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Contributor - Level 2

Re: Consider buying a Dedicated Computer

I have no trouble with either my DKx32 or SK48 when using each by themselves or in concert with my Fireface 800. It's when I try to use both of them together that I have probems.
And as I stated in another post; I reset my old Toshiba P25 laptop back to a fresh XP install and updated all the OS via the NET and it works better with both TCE unit's installed (although not all channels are available without glitches) than my new Asus Core2Duo machine. I used my Toshiba on a solo gig last night with my SK48 and the remote and it worked like a dream!
With either unit plugged in and using my Fireface 800 as the ASIO device, there are no issues at all.
Asus ROG Hero 7 Crosshair | RYZEN 2700X | 32Gb RAM | Cubase Pro 10 | SK48 | Poco 6000 | Poco Express | Virus Ultd | Harmony4 | CL1B | Fabrik C | Fabrik R | UAD2 Quad | iLok2 | NI Komplete 10 Ultimate |
Contributor - Level 2

Re: Consider buying a Dedicated Computer

Jamusic: Yeah, this is the "best" solution - to keep your music system seperate from everything else. I did an install of Vista around-about July. When I got my SK48 I had drop-outs. Long story short, I had to re-install Vista, because in the time between the 1st & 2nd install, some tiny piece of code was causing these drop-out. It could have been freeware, or even some pirated software (potential culprit - Sony Sound Forge 9.0c [hacked], doesn't install on this revamped system).
I do agree with what you've said, but I also feel that so long as you're careful (checking your setup each time you load software), then you can get your multi-purpose computer to behave the way you want it to.

Bossa: Looks like we have the same notebook, but your setup way much more complicated than mine. You say you did a fresh XP install on the old Toshiba notebook. Have you done the same on your ASUS? I'd say you already have done the Vista re-install, but that your problems stem from your need for three individual Firewire ports...
Good luck in finding a resolution to that one... :-/
15" Macbook Pro (mid-2015), 16Gb RAM, 500Gb SSD, Cubase 9.5, Logic Pro X, Ableton Live 10. PPG Waveterm A + Wave 2.3 + PRK, Roland JX8P, Waldorf Microwave, Kawai K5000W, Novation X-Station 25. 2x TC Electronics Studio Konnekt 48, Focusrite Octopre mkII, MOTU MIDI Express XT. Lexicon MX400, Yamaha GQ2015A, Chevin Research A500, 2 x JBL 105's. Additional: QNAP TS-453BT3 NAS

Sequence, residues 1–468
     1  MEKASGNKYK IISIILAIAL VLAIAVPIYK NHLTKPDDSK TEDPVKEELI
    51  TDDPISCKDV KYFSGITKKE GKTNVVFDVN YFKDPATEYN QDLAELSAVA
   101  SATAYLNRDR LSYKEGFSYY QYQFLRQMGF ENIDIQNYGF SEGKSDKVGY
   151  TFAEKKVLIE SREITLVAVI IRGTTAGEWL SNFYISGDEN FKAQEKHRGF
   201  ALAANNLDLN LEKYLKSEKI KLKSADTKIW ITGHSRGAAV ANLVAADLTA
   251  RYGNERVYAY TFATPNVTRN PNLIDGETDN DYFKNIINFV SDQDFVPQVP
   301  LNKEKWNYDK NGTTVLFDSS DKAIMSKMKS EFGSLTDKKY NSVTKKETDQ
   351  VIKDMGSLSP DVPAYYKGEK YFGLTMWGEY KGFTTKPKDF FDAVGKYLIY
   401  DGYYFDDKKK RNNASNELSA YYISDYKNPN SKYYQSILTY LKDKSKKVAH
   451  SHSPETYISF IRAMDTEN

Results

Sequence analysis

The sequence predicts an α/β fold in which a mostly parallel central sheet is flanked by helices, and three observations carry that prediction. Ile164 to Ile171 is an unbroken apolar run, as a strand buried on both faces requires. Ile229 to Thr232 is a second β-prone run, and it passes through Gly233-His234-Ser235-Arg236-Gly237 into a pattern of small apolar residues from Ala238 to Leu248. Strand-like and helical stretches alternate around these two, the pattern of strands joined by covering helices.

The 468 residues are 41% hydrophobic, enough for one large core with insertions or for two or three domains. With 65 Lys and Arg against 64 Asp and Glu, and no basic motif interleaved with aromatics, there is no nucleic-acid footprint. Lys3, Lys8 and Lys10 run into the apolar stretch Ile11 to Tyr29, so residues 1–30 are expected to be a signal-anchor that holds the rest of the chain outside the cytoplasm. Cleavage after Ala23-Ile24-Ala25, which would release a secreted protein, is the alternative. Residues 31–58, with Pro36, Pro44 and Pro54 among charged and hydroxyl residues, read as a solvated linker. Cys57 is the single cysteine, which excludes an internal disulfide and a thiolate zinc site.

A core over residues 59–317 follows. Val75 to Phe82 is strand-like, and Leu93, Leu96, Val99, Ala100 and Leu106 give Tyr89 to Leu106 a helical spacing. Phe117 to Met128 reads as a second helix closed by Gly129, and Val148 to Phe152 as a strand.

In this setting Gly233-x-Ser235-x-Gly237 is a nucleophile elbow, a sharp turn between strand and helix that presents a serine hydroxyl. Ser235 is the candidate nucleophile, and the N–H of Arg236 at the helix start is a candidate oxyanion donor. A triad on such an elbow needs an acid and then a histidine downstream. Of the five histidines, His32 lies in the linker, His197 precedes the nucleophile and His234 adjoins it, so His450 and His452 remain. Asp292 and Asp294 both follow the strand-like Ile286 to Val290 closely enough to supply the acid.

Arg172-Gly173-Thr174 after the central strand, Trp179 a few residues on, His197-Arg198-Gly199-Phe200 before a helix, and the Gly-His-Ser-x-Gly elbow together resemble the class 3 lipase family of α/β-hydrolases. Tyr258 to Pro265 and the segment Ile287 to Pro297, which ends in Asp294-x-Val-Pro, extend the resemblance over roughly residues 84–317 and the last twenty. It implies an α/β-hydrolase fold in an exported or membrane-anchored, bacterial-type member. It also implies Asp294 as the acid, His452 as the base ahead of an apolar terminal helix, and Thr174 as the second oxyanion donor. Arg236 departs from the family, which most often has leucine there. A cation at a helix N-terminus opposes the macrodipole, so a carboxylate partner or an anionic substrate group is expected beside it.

Contributor - Level 2

Re: Consider buying a Dedicated Computer

The fact is that the konnekt's are being marketed as fully comp. with this and that os and they should work. Other sound cards with the dice II chip do work.
The konnekt's do not work for a lot of people. Mine 24d doesn't work even with the included cubase in (osx 5.5) It says "asio could not be loaded) Logic works but i want to use cubase because of the better audio.
In xp i have to disable everything so i can get drop outs only every 10 min.
And yes. I tried all the drivers, buffer settings, hot fixes and so on.
Oh...how about that it can not be buss powered on a macbook pro...i read somewhere that someone from tc says that it's "Apple's problem"
Get an RME, Echo...or a 20€ card and your hardware and software will be good enough to run with them.
Generally i agree with you jamusic, but we should not accept bull. and make other people's problems into ours. It is not a 20 € card.
Excuse my English. Picked it up from mafia movies...but this is the kind of language a have got for TC any way.
Contributor - Level 2

Re: Consider buying a Dedicated Computer

bobophone: Just wanted to comment on some of that:

There are a couple of points that needs to be clear:

1. Compatibility: If you are saying that citing XP compatibility requires us to be compatible with all systems running XP, then thats simply not realistic. Not by a long shot.

2. Cubase LE issue: Your computer is Intel based, Cubase LE is a PPC application. This means Cubase is running emulated under Rosetta. Delete the 'library>audio>plugins>vst>konnekt' folder to start with. Otherwise I would advise you to upgrade to a version 4 of Cubase.

3. Buspower: This is completely normal. As of april last year, Apple started to reduce the initial current sent out by the firewire bus on MBP's. This not only affected us, but many other manufacturers. There is nothing we can do on our end to resolve that. Currently, the only TC interface working on buspower on MBP's is the DK6. Mind you, this is only applies to MBP's. No other Mac has that particular issue.

Dedicated audio PC's are of course great, but in the vast majority of cases, an off the shelf computer will work just fine if it is tweaked for audio. Mac's are of course also a very safe bet. (I own a number of them and couldn't be happier)

I hope that clears things up.
..:Smiley Tongueroduct Specialist::..